The locking mechanism for each of the cylinders is mounted on the vertical upstanding fixed upright members 24 and/or 26 and each locking mechanism is substantially identical. Thus, the description for one of the locking mechanisms is applicable to each of the other locking mechanisms. Each of the locking mechanisms is included and matched with each one of the cylinders 52, 54 and 56.
The upright member 24 includes parallel brackets 80 which retain a sliding biased locking follower member 82 biased by a spring 84 upwardly in slots 86 in the brackets 80. A separate locking yoke 88 is pivotally mounted in the brackets 80 on shaft 91 having an axis 90. The locking yoke 88 includes a flat cam surface 92 which is engaged by the cam follower surface 94 of the follower member or actuator 82 when the actuator 82 is in the vertically upper position biased by the spring 84 in the slots 86. Thus the follower surface 94 will engage the cam surface 92 and lock the yoke 88 in a fixed horizontal position. When in the fixed horizontal position, the yoke 88, which includes bifurcated arms 98 and 100, fit around the projection drive head 64 of the cylinder 52 holding the cylinder 52 downward so that it will not expand upwardly on the rod 60 and will not impart any force upon the table 10.
To release the yoke 88, the table 10 must be fully lowered so that a projection 102 on the underside of bracket 12 engages the upward projection 104 of the actuator 82. Upon such engagement, when the table 10 is fully lowered, the actuator 82 is moved in the slots 86 counter to the biasing of the spring 84 to disengage the cam follower 94 from the cam 92. This permits the yoke 88 to be rotated by means of a handle 110 attached to follower 88. When the yoke 88 is rotated vertically, for example, as depicted in FIG. 4, then the cylinder 56 is engaged against the underside of the table 10. That is, the projection head 64 fits within the pocket 70 and engages against the underside of the table 10.
Each of the cylinders 52, 54 and 56 have a similar lock and release mechanism. Thus, in order to release a yoke 88 associated with each of the cylinders 52, 54 and 56, the table 10 must be fully lowered so as to engage the actuator 82 to thereby permit the yoke 88 to be rotated by actuation of the handle 110. Of course, in order to lock each cylinder 52, 54 or 56 in place, the table 10 must also be lowered and the handle 110 rotated so as to rotate the yoke 88 associated with the respective cylinder to the horizontal position and thus to the lock position as illustrated in FIG. 3. Then when the table raises, actuator 82 locks the yoke 88 in position. When in the lock position, as illustrated in FIG. 3, the cylinders cannot be released unless and until the table 10 is fully lowered. This provides an enhanced safety factor. Also, when the table 10 is lowered, any combination of cylinders may be released or unlocked so as to counterbalance the weight on the table 10.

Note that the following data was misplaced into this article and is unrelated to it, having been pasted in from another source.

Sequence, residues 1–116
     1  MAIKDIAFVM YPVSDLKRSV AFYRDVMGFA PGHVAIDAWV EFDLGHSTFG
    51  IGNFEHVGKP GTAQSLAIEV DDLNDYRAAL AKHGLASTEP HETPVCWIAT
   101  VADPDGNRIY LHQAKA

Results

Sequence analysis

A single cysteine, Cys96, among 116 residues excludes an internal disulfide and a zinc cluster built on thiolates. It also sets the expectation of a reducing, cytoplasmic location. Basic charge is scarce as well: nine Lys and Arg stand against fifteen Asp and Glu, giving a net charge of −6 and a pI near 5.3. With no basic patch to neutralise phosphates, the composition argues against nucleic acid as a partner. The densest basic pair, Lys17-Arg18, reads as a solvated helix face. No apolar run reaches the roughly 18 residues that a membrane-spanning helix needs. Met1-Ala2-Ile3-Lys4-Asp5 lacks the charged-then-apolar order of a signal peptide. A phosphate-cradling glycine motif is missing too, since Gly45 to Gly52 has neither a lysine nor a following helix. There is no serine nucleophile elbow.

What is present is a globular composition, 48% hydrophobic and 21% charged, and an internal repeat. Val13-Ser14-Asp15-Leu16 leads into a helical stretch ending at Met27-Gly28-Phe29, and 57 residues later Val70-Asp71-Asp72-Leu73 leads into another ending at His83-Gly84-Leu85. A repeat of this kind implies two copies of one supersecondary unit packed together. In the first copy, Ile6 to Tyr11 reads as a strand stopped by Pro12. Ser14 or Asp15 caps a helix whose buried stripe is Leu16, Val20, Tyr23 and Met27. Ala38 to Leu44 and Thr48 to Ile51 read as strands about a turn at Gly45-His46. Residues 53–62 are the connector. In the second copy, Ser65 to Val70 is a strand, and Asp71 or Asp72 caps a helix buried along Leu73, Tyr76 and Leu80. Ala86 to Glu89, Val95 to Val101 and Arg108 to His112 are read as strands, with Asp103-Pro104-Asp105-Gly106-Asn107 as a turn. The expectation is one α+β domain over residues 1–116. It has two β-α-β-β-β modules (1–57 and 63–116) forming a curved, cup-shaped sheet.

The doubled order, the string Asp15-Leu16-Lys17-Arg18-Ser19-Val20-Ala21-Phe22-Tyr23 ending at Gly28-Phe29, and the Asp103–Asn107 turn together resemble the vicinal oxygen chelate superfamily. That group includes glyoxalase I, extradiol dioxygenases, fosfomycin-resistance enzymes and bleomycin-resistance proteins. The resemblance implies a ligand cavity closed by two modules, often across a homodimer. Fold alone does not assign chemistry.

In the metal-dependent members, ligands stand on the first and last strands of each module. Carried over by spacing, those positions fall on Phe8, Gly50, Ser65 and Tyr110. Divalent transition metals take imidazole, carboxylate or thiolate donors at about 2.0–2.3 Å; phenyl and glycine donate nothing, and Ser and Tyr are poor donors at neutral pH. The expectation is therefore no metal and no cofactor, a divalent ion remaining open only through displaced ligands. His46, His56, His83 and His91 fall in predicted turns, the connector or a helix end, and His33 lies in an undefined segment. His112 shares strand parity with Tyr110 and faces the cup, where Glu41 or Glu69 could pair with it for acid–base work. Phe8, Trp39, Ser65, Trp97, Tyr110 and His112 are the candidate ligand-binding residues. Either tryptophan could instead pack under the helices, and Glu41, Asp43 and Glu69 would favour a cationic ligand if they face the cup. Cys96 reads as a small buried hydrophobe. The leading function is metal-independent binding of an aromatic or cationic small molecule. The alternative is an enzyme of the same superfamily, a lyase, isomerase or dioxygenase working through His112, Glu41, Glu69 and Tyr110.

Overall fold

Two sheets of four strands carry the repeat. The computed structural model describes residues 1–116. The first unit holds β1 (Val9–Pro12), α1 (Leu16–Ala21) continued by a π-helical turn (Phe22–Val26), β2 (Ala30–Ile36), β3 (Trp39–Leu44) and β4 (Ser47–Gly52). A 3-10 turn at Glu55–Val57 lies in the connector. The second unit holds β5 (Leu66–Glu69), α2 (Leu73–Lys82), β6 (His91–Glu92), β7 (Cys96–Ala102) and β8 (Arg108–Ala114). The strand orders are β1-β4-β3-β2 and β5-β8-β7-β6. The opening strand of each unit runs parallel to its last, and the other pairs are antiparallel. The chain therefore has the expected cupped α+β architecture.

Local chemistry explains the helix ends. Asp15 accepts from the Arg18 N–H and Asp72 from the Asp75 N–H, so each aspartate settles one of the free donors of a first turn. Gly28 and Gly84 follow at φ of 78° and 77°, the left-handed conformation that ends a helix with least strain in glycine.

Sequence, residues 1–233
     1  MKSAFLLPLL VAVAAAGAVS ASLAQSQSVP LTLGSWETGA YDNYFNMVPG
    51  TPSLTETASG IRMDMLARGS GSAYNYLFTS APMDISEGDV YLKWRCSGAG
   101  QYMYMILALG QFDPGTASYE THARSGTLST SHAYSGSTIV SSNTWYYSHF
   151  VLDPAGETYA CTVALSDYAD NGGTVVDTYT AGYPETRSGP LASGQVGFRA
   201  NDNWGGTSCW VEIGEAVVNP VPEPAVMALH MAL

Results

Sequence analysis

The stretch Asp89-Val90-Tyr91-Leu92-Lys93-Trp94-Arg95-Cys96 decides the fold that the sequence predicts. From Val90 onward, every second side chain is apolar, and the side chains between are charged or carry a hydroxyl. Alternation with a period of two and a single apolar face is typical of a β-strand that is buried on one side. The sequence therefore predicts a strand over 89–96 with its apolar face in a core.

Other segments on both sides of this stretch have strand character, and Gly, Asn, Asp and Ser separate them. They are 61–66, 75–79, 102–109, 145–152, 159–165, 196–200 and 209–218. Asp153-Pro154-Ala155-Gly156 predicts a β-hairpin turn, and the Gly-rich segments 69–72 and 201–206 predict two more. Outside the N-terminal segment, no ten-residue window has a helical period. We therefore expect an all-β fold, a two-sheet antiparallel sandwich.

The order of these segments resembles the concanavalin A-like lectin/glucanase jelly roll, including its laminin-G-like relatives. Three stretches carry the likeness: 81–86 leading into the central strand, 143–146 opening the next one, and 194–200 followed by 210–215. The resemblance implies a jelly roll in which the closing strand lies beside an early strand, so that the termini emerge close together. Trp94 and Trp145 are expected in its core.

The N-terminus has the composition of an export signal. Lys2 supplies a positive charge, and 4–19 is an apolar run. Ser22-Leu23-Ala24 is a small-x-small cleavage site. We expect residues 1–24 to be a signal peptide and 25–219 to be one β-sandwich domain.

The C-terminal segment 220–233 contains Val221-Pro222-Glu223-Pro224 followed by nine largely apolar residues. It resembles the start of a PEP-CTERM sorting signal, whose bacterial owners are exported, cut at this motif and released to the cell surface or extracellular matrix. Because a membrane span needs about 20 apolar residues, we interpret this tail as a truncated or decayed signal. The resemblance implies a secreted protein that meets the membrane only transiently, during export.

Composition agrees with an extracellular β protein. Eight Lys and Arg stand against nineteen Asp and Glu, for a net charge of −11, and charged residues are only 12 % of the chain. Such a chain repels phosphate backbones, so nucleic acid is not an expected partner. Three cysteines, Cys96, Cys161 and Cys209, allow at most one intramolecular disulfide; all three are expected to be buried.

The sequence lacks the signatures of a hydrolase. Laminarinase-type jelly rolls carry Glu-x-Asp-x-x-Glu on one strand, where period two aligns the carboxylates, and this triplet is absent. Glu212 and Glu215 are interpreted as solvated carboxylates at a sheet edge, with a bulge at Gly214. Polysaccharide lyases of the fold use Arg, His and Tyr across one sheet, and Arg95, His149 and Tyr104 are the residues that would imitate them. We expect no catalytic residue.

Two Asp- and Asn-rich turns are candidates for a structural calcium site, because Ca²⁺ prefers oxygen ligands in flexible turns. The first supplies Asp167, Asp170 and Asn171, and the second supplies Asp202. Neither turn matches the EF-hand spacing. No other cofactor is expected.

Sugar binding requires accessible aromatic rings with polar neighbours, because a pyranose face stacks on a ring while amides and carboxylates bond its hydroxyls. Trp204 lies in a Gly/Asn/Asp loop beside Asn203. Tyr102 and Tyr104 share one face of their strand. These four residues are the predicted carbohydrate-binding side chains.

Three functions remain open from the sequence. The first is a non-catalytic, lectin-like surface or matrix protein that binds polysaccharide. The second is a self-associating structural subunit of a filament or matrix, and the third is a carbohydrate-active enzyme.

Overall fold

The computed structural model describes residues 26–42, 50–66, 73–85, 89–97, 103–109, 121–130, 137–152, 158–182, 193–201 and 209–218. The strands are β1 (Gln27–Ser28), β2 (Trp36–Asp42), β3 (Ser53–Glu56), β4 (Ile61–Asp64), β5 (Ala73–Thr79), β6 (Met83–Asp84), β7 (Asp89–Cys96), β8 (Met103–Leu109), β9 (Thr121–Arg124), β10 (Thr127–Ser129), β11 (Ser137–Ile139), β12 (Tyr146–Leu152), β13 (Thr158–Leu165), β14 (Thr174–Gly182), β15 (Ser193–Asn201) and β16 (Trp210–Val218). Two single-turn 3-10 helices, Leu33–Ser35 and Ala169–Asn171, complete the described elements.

In operation, the peddle 38 releases the pinions 32 permitting the table 10 to move to its lowest position where peddle 38 is released to lock the table 10. The table 10 is then loaded with the work pieces and cylinders 52, 54, 56 are released to counterbalance the load as required. The peddle 38 is next released and the counterbalanced table 10 moved to the desired height. There peddle 38 is released and the pinions 32 locked so that work may commence. If desired, the counter balanced table 10 can then be easily moved by again releasing peddle 38 and resetting the level of the table 10.
Various other locking mechanisms which provide for locking or release of the cylinders 50 may be considered. The number of cylinders utilized may be increased or decreased. All of the cylinders may be constructed so as to be locked or unlocked. Thus, the invention is to be limited only by the following claims and equivalents thereof.
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|Citing Patent||Filing date||Publication date||Applicant||Title|
|US7789025 *||Sep 7, 2010||Krueger International, Inc.||Height adjustable vertically oriented screen or the like|
|US8001909 *||Oct 6, 2006||Aug 23, 2011||Michael Overgaard||Telescopic lifting column for height adjustment of elevatable tables|
|US9050718 *||Feb 5, 2013||Jun 9, 2015||Jpl Investments, Llc||Securable and collapsible work station|
|US9289896||May 29, 2015||Mar 22, 2016||Jpl Investments, Llc||Securable and collapsible work station|
|US20080121149 *||Nov 8, 2007||May 29, 2008||Michaud Maurice G||Height Adjustable Vertically Oriented Screen Or The Like|
|US20110023758 *||Oct 6, 2006||Feb 3, 2011||Michael Overgaard||Telescopic lifting column for height adjustment of elevatable tables|
|US20140217861 *||Feb 5, 2013||Aug 7, 2014||Jpl Investments, Llc||Securable and collapsible work station|
|Apr 2, 2001||AS||Assignment|
Owner name: COMPX INTERNATIONAL INC., SOUTH CAROLINA
Free format text: ASSIGNMENT OF ASSIGNORS INTEREST;ASSIGNOR:STUMPF, WILLIAM;REEL/FRAME:011688/0511
Effective date: 20001117
|Mar 8, 2006||REMI||Maintenance fee reminder mailed|
|Aug 21, 2006||LAPS||Lapse for failure to pay maintenance fees|
|Oct 17, 2006||FP||Expired due to failure to pay maintenance fee|
Effective date: 20060820